Returning to a sport following an injury can be difficult. The individual can feel pressure from themselves or those surrounding them, to return and compete at pre-injury level (Podlog & Dimmock, 2011, 12(1), p. 36-42). The athlete will need to overcome any doubt they have and work on their mental toughness. Ultimately, the idea of returning to sport following an injury is the aim for most athletes.
Research has provided information in regards to what the athlete should primarily focus on when returning from injury. A study conducted by Podlog & Eklund (2005, 14(1) p. 20-34) revealed that intrinsic motivations for returning to competition were associated with a positive renewed perspective on sport participation. Setting achievable goals, and obtaining motivation and determination when the individual has returned to sport has them concentrating on taking necessary steps in returning and playing at an optimum level. Intrinsic motivation refers to engaging in an activity for itself and for the pleasure and satisfaction derived from participation (Vallerand, R J., 2004, p. 427-430). In 1992, Vallerand and colleagues proposed and showed that there are at least three types of motivation. These included intrinsic motivation to know, towards accomplishments and to experience stimulation (Vallerand, R J., 2004, p. 427-430). All three of these aspects allows the individual to feel the pleasure of learning, as well as trying to exceed themselves and for the aesthetic and sensory pleasure of playing, and as a result, allow athletes to begin feeling comfortable playing post-injury.
Recent literature has highlighted the adversity injured athletes are faced with when returning from sport, with a range of psychosocial concerns. The results suggest that athletes returning to sport from injury may experience concerns related to their sense of competence, autonomy and relatedness (Podlog L, Dimmock, J & Miller, J., 2011, 12(1) p. 36-42). This is concerned as poor self-confidence; creating anxiety can lead to much bigger problems such as depression and even substance abuse.
Self-efficacy is something the individual athlete needs to develop to overcome their sense of poor confidence and autonomy. The self-determination theory (SDT) is a theory of motivation, where the athlete needs to have self-belief and drive if they are to have any success when they return to sport. This theory can assist in overcoming the self-doubt some may have, which can therefore overcome any negativity related to returning to sport from injury. For self-determination to improve, Ryan & Deci (2000) concluded that the environment must satisfy three basic psychological needs, namely competence, autonomy and relatedness (Podlog. L, Eklund. R. C., 2010, 28(8), p. 819-831). Three distinct types of primary appraisals have been identified that assist in self-determination (Gagne, et al., 2003), which are goal relevance, motivational congruence and ego-involvement. These factors also support previous research that flexible goals focusing on skill development are likely to foster a sense of competence (Podlog, L. & Dionigi, R. 2010, 28(11), p. 1197-1208), which tends to be absent when an athlete returns from an injury.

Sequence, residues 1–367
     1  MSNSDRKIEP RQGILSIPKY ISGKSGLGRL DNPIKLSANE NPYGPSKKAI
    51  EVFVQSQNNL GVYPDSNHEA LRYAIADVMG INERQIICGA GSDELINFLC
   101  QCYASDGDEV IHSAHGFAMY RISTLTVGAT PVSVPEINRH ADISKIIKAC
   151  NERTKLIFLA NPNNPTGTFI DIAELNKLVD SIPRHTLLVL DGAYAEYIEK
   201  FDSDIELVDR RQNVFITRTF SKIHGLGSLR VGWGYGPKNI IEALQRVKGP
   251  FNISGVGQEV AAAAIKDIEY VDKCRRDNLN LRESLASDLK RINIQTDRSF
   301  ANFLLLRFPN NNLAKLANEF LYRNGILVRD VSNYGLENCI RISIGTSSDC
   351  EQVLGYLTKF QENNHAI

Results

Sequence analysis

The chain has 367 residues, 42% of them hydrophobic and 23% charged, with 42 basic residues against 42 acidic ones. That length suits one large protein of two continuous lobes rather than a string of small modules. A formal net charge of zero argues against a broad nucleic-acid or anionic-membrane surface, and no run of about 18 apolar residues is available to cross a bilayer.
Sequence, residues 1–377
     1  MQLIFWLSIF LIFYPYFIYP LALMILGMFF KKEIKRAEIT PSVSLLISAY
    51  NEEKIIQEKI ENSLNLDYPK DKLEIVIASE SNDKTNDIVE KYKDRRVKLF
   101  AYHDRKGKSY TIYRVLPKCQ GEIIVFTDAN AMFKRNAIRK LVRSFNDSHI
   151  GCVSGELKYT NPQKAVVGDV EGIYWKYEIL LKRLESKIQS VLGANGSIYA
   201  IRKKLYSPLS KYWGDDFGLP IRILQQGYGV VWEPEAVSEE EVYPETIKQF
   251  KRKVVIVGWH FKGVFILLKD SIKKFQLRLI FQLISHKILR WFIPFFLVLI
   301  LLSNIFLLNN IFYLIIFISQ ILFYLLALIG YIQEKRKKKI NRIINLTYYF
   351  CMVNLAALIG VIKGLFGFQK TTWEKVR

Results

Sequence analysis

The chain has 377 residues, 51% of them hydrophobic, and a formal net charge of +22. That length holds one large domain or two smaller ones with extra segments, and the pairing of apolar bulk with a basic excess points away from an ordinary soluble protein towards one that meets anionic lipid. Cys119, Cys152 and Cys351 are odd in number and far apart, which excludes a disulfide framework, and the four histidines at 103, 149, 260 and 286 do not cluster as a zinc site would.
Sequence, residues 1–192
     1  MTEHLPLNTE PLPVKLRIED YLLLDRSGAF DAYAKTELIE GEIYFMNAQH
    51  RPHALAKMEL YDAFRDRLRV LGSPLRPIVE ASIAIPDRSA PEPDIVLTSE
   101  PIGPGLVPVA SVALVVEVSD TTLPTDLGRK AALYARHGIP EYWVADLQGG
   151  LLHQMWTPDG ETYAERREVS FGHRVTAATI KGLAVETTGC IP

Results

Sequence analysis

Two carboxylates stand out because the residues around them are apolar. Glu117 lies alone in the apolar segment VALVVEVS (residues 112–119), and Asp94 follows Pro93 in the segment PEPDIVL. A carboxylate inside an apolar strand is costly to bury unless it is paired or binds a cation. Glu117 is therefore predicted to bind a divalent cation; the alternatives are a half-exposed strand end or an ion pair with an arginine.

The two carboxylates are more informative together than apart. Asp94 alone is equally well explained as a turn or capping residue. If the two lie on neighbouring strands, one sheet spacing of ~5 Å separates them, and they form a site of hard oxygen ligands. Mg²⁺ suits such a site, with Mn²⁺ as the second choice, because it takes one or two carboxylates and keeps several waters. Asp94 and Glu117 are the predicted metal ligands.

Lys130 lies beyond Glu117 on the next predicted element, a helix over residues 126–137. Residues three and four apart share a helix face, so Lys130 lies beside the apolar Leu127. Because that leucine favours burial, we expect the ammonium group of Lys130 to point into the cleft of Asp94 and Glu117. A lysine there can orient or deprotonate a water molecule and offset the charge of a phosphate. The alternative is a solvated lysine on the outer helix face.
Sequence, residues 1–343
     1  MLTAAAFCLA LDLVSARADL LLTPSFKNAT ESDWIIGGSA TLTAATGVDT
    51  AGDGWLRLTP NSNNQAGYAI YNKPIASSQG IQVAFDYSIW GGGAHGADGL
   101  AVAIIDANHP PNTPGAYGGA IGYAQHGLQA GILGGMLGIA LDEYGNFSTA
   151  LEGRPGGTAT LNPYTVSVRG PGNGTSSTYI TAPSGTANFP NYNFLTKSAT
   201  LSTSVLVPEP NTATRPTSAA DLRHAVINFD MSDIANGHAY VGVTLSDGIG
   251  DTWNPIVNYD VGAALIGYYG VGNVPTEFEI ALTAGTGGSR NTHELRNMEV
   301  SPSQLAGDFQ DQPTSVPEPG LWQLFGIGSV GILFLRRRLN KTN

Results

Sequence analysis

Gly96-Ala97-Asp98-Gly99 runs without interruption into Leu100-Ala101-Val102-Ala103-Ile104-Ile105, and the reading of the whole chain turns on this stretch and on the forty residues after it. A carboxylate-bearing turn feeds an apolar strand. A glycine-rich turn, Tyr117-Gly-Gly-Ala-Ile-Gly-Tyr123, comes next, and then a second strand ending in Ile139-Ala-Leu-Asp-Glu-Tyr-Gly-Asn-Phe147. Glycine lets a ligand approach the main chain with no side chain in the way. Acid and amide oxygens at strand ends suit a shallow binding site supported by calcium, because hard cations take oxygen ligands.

Taylor and Taylor (1997) produced a stage model on the return to sport of an athlete. This model was composed of five physical and psychological stages. They also suggested that adaptation was likely to occur as the athlete came to accept the injury, recognises the inevitability of what the future may hold, and receives social support to alleviate negative emotions (Podlog, L. & Eklund, R C., 2007, 8(4), p. 535-566). These support the base of the self-determination theory, and highlight the importance of the theory’s constructs.
There are necessary developments for future research when athletes are returning from sport post-injury, as there is little agreement that exists in regards to the meaning of a ‘successful’ return. Competitors are increasingly pressured to return to sport as soon as they can, which can lead to them returning before they are ready, not just physically, but also psychologically, increasing the chance of a re-injury (Bauman, J., 2005, 15(6), p. 432-435). The SDT has potential for understanding findings in this area and for guiding future research (Podlog, L. & Eklund, R C., 2009, 10(5), p. 535-544) ensuring athlete’s needs are being met, which may produce positive return-to-sport outcomes.